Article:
Defense Day displays World War II era military life at Fort Miles

By Glenn Rolfe
Posted 9/26/21

LEWES — Military life as it was during World War II along coastal Delaware came to life Saturday through re-enactment, demonstration, and education during Delaware Defense Day at Fort …

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Defense Day displays World War II era military life at Fort Miles


LEWES — Military life as it was during World War II along coastal Delaware came to life Saturday through re-enactment, demonstration, and education during Delaware Defense Day at Fort Miles.

Reenactors from Harbor Defenses of the Delaware Living History Association, Air Mobility Command Museum and others shared information with visitors about Fort Miles, a fortress at Cape Henlopen State Park, and its historical attractions.
Members of Girl Scout Troop 966 in Silver Spring, Maryland biked upon the event by accident.

“We’re here for an annual trip to Cape Henlopen. We’re staying in the youth campsites of the state park,” said Jennifer Scope, Troop 966 troop leader. “We came across this on our bike ride. I said, ‘Girls, we’re stopping.’ They were like, ‘No.’ I said, ‘You never know what you’ll find.’ They took to it!”

Several scouts took aim with WWII model rifles at the Air Mobility Command Museum. There, visitors heard from Patrick O’Neill from the AMCM, Emily Malone, who represented WASPs (Women Airforce Service Pilots) and Nick Saborrio, representing the glider unit.

As a reenactor who plans to enter the U.S. Air Force after graduating this year from Padua Academy, Emily said as a Women Airforce Service Pilot she would be part of a “group of about 1,000 female civilian pilots who filled in the gaps made by male pilot shortages.

“While they were overseas flying combat missions, we were asked to do domestic ferrying. As part of Delaware history there was a unit of WASP up north of here at New Castle Air Base, which is now the airport. Our main job was to make sure we got planes from where they were manufactured to the bases where they needed to go,” the reenactor said.

“Again, with Dover history, if they needed bombers at Dover, I would be sent out to the Douglas factory in Oklahoma. I’d go out there, pay for my own transportation, as they only paid for the delivery. We were civilians and we were women — it was 1940,” Emily said. “We’d fly a twin-engine bomber back to Dover, and somehow get our way back up to New Castle and then wait for the next assignment.”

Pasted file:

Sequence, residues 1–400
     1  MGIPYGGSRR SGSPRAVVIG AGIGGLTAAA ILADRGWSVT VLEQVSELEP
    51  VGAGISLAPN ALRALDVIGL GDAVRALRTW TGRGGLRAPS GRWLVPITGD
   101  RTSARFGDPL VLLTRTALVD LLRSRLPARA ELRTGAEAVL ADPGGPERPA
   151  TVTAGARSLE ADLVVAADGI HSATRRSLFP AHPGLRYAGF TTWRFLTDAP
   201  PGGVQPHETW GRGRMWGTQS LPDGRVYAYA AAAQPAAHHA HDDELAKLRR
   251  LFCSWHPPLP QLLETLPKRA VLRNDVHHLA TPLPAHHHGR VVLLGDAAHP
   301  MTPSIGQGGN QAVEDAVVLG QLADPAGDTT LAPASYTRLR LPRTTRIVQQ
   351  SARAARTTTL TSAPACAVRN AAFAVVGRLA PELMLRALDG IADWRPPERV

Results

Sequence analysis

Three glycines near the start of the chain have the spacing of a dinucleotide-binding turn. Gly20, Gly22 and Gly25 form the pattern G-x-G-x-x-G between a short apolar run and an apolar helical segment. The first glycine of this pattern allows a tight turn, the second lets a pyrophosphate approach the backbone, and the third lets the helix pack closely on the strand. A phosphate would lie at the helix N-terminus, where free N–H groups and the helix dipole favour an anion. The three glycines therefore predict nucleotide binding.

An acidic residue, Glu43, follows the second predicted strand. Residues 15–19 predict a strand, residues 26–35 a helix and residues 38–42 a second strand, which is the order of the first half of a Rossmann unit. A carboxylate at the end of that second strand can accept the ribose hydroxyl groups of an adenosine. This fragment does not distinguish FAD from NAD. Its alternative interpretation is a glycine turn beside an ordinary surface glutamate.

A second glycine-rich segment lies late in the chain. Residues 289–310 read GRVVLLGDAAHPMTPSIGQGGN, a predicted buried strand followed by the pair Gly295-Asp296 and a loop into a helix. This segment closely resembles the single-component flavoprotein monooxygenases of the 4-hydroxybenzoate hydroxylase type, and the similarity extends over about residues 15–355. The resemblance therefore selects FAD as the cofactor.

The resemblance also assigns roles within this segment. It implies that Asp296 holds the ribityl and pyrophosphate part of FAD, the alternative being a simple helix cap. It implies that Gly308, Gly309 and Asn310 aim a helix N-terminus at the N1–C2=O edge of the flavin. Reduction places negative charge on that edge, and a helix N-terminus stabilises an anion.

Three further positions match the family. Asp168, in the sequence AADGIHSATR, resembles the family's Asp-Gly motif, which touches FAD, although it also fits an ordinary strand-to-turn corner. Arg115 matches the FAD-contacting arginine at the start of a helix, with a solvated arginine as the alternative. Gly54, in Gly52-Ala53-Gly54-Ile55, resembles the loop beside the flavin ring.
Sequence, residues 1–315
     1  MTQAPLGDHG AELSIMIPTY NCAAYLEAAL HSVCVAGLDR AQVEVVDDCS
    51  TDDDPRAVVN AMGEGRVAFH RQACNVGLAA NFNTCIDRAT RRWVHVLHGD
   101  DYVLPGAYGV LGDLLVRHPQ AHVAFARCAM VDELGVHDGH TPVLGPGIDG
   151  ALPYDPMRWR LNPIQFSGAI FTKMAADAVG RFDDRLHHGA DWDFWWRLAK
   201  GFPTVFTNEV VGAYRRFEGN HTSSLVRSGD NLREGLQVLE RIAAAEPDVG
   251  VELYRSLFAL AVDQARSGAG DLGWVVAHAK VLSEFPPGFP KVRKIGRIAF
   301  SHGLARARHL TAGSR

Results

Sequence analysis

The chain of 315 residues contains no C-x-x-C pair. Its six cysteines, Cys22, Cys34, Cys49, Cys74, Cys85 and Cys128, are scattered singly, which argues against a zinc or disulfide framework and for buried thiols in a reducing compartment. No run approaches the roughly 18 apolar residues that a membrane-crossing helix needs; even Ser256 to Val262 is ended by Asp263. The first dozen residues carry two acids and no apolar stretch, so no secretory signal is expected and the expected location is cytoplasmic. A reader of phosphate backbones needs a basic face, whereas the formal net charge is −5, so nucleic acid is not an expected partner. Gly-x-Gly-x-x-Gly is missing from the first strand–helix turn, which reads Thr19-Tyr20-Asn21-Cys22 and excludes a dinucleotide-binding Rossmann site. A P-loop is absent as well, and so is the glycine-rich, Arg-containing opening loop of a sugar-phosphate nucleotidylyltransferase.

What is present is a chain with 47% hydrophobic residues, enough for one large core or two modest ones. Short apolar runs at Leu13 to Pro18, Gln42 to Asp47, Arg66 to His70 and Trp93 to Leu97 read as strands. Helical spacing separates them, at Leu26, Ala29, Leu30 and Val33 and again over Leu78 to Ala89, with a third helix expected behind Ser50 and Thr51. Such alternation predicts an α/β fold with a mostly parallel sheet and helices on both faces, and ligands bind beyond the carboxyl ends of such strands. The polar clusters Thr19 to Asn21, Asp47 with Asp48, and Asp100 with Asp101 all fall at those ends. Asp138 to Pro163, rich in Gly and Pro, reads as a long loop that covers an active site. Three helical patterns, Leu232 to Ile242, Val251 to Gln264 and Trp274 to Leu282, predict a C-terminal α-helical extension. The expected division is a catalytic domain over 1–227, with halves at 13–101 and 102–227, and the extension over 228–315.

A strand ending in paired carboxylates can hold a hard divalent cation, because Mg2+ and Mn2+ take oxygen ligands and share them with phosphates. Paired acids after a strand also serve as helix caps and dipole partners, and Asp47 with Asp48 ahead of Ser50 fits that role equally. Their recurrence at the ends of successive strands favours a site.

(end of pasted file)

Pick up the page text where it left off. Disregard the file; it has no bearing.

WASPs were disbanded in December 1944 before the war ended, Emily noted. Not until 1977 were WASPs granted veteran benefit recognition. Times have changed. Today, women can fly any type of military plane. “We’ve come a long way,” Emily said.
The Air Mobility Command Museum covers WWII to modern day history.

“Our museum is the only one that does AMC, which is the big transport airplanes — the tankers, the logistical aircraft,” Mr. O’Neill said.

Their mission Saturday was for “a little bit of outreach for the museum. But at the same time in the case of a living history team we have themed our display exclusively for Delaware Defense Day. That is why I am here representing the 4146th rocket test squadron, because they were assigned to Dover,” Mr. O’Neill said.

Tim Kuntz, a veteran living history reenactor with the Harbor Defense’s 261st Coast Artillery, posed a WWII history question to visitors.

“Where did they fight?” he asked.

Responses included France, Germany, Italy and islands in the Pacific.

“What if I told you they fought — right here,” Mr. Kuntz said. “Right off the coast there were German submarines sinking ships. Fifteen miles out straight off Rehoboth is the US destroyer Jacob Jones, which was sunk by a German submarine while the destroyer was trying to sink the sub. That’s how close the war came.”

Fort Miles, which Mr. Kuntz notes “never fired a shot in anger,” was the venue for the formal surrender of German submarine U-858 in May 1945.

“From the very beginning to the very end, the German submarines were a threat,” Mr. Kuntz said.

Previously, Delaware Defense Day had been staged in late April but was postponed this year until the fall due to COVID. While Saturday’s event was scaled down somewhat, plans for 2022 are to resume a spring event back at full-bore with more military vehicles and weaponry.

“This isn’t our usual thing where we man the barracks and all of that, but we have enough,” Mr. Kuntz said. “We’ve had a lot of good stuff here.”

On display for public viewing in the Fort Miles Museum was the Fort Miles Historical Association’s USS Arizona exhibit — a 640-pound piece of steel from the battleship sunk in the Dec. 7, 1941 Japanese attack on Pearl Harbor.

The piece of the USS Arizona history joins a barrel from one of the 16-inch guns from the USS Missouri, also on display at Battery 519 Museum.